Joy and nostalgia: inside Callum Preston’s Video Land

Growing up in the 1990s in the suburb of Westmeadows, near Melbourne Airport, Callum Preston was “sneaky, naughty but not bad”, an outdoorsy kid who loved skateboarding and graffiti and hanging out by the creek, with online access slowly emerging in that decade via clunky dialup modems. “The local video shop was my internet, in a way,” he recalls.

This year, the artist turns 40, but monuments to nostalgia have long figured in his solo art shows, from his 2015 exhibition Bootleg to the Future, a homage to Robert Zemeckis’s 1980s futuristic sci-fi trilogy Back to the Future, which Preston first encountered on VHS cassette, and on to his 2017 show Callum Preston’s Milk Bar, which recreated the local family-run grocery businesses once abundant in the burbs.

Now comes Video Land, in which Preston calls again on childhood memories to construct an entire video store, featuring 2200 video tapes, movie posters from the 1980s and 90s, and VHS machines plugged in for returned cassettes borrowers have neglected to rewind. Preston’s latest nostalgia-fest is rendered in eye-popping colours he admits are a little more vivid than the paler, fluorescent-lit libraries that existed before streaming killed the video store.

Callum Preston's Video Land. Photo by Phoebe Powell. Source: Museums Victoria.

Video Land is part of the Immigration Museum’s biggest exhibition, Joy, in which seven Victorian artists express what joy means to them in room-sized installations, including Elyas Alavi (with Sher Ali), Spencer Harrison, Nadia Hernández, Nixi Killick, Jazz Money and Beci Orpin.

“Nostalgia, by definition, has a hue of sadness, and a lot of people think about nostalgia as a longing for the past,” says Preston.

“But being a pre-internet child, I really want to celebrate these things that were so universal to everyone, like a milk bar or a video store, but they were also so mundane and every day that we didn’t realise the charm in them until they were gone.”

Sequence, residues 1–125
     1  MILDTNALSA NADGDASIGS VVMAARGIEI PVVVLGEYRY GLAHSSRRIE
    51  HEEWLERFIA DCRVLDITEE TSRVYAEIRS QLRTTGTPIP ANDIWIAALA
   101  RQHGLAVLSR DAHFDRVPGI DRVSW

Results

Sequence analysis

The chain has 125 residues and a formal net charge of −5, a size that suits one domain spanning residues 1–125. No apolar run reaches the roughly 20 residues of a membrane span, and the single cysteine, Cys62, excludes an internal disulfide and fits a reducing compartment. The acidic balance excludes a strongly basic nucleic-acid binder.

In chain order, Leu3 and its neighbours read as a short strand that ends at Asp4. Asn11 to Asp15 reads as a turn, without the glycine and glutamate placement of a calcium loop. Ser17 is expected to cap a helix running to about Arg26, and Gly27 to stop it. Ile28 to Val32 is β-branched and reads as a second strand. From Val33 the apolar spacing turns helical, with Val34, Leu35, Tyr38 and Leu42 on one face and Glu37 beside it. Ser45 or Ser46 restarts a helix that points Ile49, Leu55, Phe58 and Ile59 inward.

Audiences have bathed in Preston’s nostalgia: adult visitors to the installation can be overheard explaining a video store to their Netflix-addicted children, remarking on how working in such a setup was mum or dad’s first job. “The kids are mind-blown there was so much rigmarole to go and watch a movie,” Preston laughs.

“They were so mundane and every day that we didn’t realise the charm in them until they were gone.”

Preston recalls his 10-year-old self as thinking the person behind the video counter was “cool” and a “gatekeeper – they were Google, I guess, a wealth of knowledge”. His local store was “very suburban”, one of the Melbourne-based Video Busters chain, decked in pink and marron, a place he would call in with his older brother after his parents ordered Friday night fish and chips takeaway, or on a Saturday afternoon for longer periods searching.

It was a “ritualistic” place, he says. “I would also ask if I could buy the posters on the walls, so they would put my name on the back of the poster, and when it was coming down, they would call and say it was ready.”

Callum Preston's Video Land. Photo by Phoebe Powell. Source: Museums Victoria.

The artist was determined to keep his installation as a VHS rather than DVD universe, likening the tactility of the big cassettes to a vinyl record. The space is one where the audience is encouraged to touch: some visitors have even rearranged the tapes into alphabetical order. He sourced the tapes from Facebook marketplace, Gumtree, op shops and the occasional garage sale.

Many visitors to Video Land have told Preston they know the films on display, but not necessarily how or whether they can be accessed in today’s streaming world, “because the algorithm tells me what I’m thinking of watching”. He has witnessed conversations sparked between strangers in the installation, when one visitor asks another whether they too remember a particular film. “I love creating a platform where people get transported instantly,” he says.

Callum Preston's Video Land. Photo by Phoebe Powell. Source: Museums Victoria.

Preston talks about the joy of nostalgia, but does he feel melancholy about the passing of technologies?

“I’d be fooling myself if I said I didn’t feel some slight tinge of sadness in those things, but universally, I think that’s just getting older, and realising that those golden times, it wasn’t necessarily what you were doing, it was how much you didn’t know about the world.

“As an adult, you’re paying bills, mortgages. As a kid in the video store, you’re so carefree … I suppose there is a sadness to [nostalgia], but it’s like a movie—Stand by Me or The Goonies—childhood friendships and adventure was a part of it, a whole world to us. It was cool.”

Immigration Museum
On now—29 August 2025

Feature Words by Steve Dow